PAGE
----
What is Plate Current (PC) and why do we show this on some of our valves/tubes?

Author: Ian Bush   Date Posted:18 September 2018 

Artist Guitars

Plate current

There are 3 main parts to valves. (1) The Plate, (2) The Grid and (3) The Cathode. (Pentode valves have an additional 2 elements, but that is out of the scope of this article). The Grid is what controls the flow of current through the valve, much like the handle on a kitchen tap controls the flow of water.

The Plate current is a measure of how much current flows through a particular valve at any point in time. That current will vary with the guitar signal and the bias. You might see on our website that certain valves show a "PC" (or Plate Current) value. The is the plate current at idle (“idle” means no guitar sound being amplified) and is one of the methods used to match up valves. (The other common method is Transconductance or Gm).

 


What type of amps need matched valves?

Generally speaking, single-ended amps (also known as “true” class A amps) like the famous Fender Champ and the Joyo JTA-05 don't need matched valves but anything class A/B does, even the not-quite-Class A amps like the Vox AC30 sounds much better with matched power valves.  Think of “matching” like to people pulling on a rope in a tug of war. By matching your tubes, you are trying to maintain the balance between both sides. 

In a class A/B amp you have 2 (or 4) valves running each side of the waveform, one valve pushes, while the other valve pulls. Ideally, you want this push and pull to be matched. If it's not matched you will have an asymmetrical waveform and get more distortion (and not the pleasant tube-style distortion that everyone wants). Power tubes which may be perfectly matched will start to drift with time. If you’re lucky, they will drift in the same direction by the same amount. If they drift in opposite directions or at different rates, it will be a good idea to swap out your power valves. 

The easiest way to tell if your amp needs a matched pair is to check in your manual or do some searching on the internet. I once spent a few days with Hartley Peavey, the founder of Peavey  (link https://en.wikipedia.org/wiki/Hartley_Peavey) and in his opinion valve matching and biasing was a waste and a potential source of expensive errors. Hartley’s theory is that Peavey Valve amps use matched valves and if you replace them with the same matching code, they amp won’t need rebaising. While it is true that a Cathode-biased (also known as “self-biased”)  amps like the Vox AC-30 don’t need biasing, it is still important to use a matched set of power tubes.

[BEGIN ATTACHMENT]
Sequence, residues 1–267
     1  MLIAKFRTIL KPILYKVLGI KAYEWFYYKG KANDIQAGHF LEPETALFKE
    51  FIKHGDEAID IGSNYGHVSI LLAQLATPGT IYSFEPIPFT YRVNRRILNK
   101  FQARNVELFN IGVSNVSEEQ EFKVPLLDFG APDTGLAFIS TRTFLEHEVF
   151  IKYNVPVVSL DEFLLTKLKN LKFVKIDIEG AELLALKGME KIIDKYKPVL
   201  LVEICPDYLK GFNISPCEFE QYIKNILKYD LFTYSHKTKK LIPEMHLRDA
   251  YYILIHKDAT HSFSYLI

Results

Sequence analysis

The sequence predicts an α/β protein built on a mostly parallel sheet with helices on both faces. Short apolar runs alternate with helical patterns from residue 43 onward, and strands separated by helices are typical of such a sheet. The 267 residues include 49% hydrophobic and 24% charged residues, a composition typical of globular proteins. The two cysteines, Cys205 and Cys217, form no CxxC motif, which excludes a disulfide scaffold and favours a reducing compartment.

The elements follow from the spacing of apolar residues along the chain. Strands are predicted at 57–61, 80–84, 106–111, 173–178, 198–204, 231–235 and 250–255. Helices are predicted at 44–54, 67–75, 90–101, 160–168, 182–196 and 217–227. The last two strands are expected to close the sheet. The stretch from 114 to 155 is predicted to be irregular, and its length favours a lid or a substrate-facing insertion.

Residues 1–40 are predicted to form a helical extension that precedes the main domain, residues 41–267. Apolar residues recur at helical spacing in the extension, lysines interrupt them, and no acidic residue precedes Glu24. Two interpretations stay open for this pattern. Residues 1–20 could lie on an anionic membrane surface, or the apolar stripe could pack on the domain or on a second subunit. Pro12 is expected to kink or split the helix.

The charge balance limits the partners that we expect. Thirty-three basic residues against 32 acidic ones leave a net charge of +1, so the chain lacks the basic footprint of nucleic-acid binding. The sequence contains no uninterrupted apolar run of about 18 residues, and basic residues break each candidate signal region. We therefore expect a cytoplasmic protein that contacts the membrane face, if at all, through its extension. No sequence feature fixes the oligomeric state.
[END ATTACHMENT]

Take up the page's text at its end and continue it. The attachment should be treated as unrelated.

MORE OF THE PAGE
Do Preamp valves need to be matched?

The most common preamp valve is the trusty 12AX7. When these valves are used in the preamp section it's not generally needed to be matched. Inside the glass tube of a 12AX7 there are 2 independent gain circuits. These do the very important task of amplifying your guitar signal up from tiny levels which are susceptible to noise, and increases the signal to many volts. From here your guitar signal goes to your tone circuits, reverb, and finally is split into the 2 different phases needed by your matched and biased power tubes. 

To get your Amp repaired, or the matching of your power tubes checked, just ask Chris Tarakson, The Guitar Amp Tech. You can visit his website here.  Chris does all our amp repairs here at Artist Guitars so you're welcome to leave your amps at our store in St Peters for Chris to pick-up and drop off too. 

 

Reference Links

https://www.apexmatching.com/why-should-i-match-my-tubes
https://www.duncanamps.com/technical/valvematch.html

 


Thanks for reading our report, to give you even more content check our pages below:

 

I hope this article has helped, if you need any assistance please email:

sales@artistguitars.com.au or call us on 1300 489 816


© Artist Guitars 2018


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